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In excavations in region referred to as ‘Wallarima’ in Hittite texts, traces of settlements dating back 4,000 years discovered

In the excavations ongoing for 2 years at Asarcık Hill in the Kavaklıdere district of Muğla, findings related to the Hittite Civilization and the Middle Bronze Age have been obtained.

The excavations at Asarcık Hill, where traces of the Anatolian Seljuk period settlements have also been reached, are continuing under the scientific supervision of Assoc. Prof. Dr. Bekir Özer, a faculty member of Muğla Sıtkı Koçman University.

Bekir Özer, who mentioned that the name of the region is mentioned as Wallarima in 3,500-year-old Hittite Empire texts, said, “The settlement traces located on a fairly steep hilltop have been constantly destroyed in subsequent cultural periods. Therefore, the layers that make up the cultural continuity of Asarcık Hill have reached the present day with extremely limited data, except for the Middle Ages and Early Hellenistic Period.”

Photo: Muğla Sıtkı Koçman University

Özer, stating that cultural layers dating back 4,000 years, known as the Middle Bronze Age, have been uncovered, said the following: “The living traces of the 2nd millennium are represented by the foundations of spaces where stone and adobe were used as building materials. These spaces are associated with material culture components, mostly consisting of pottery, occasional stone tools, and signs of weaving. The presence of ceramics linked to the Coastal Aegean and Inner Western Anatolia between 1200 BC and 330-320 BC indicates the continuity of settlement. In some cases, remains of Iron Age walls, well-preserved on the eastern and southern slopes of the hill, associated with this period, can be observed.”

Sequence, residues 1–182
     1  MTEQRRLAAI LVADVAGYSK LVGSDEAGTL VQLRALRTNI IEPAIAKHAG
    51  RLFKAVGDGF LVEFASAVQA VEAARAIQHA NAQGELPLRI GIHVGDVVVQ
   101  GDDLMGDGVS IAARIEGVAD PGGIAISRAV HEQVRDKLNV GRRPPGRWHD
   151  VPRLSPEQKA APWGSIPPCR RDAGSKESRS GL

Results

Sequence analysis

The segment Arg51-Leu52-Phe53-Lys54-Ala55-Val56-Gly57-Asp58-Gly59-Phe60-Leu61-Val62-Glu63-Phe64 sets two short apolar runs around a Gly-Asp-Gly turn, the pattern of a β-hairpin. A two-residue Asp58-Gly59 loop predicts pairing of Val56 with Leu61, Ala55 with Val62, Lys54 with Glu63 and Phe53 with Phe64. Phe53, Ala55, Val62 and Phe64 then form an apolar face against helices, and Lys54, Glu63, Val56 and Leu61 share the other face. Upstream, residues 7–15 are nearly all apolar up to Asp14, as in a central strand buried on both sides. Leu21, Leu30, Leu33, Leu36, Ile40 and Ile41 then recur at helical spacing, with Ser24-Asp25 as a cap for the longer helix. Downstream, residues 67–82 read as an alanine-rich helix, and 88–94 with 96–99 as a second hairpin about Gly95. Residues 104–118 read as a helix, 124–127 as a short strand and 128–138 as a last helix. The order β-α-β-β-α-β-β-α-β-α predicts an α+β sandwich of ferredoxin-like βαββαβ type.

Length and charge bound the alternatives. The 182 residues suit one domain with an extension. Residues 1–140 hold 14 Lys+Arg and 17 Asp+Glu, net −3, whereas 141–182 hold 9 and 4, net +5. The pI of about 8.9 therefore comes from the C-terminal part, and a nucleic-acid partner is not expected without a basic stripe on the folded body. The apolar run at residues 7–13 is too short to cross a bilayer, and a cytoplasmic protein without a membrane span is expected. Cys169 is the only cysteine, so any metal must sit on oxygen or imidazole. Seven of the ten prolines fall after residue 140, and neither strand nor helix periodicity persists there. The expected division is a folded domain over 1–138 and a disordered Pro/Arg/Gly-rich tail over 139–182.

“The last cultural period encountered on the hill is related to the Middle Ages. Today, anyone who comes here is met with towers, sometimes reaching a height of 3.5 meters, supported by walls that are 2.5 meters high and 2 meters thick. The interior of the defense system has a very dense architectural texture. Some of our work in certain areas and excavations in the section with gates on the wall, in particular, indicate that the hill suffered a fire in the first half of the 13th century AD. This data does not surprise us because it should be seen as concrete archaeological evidence of the region’s conquest by Turkish raids coming through the Menderes Valley. Therefore, the region where Asarcık Hill is located has been one of the mandatory transit routes for all powers that wanted to dominate southwestern Anatolia throughout the ages. This situation has also contributed to the formation of the archaeological heritage that has reached us today.”

Muğla Sıtkı Koçman University

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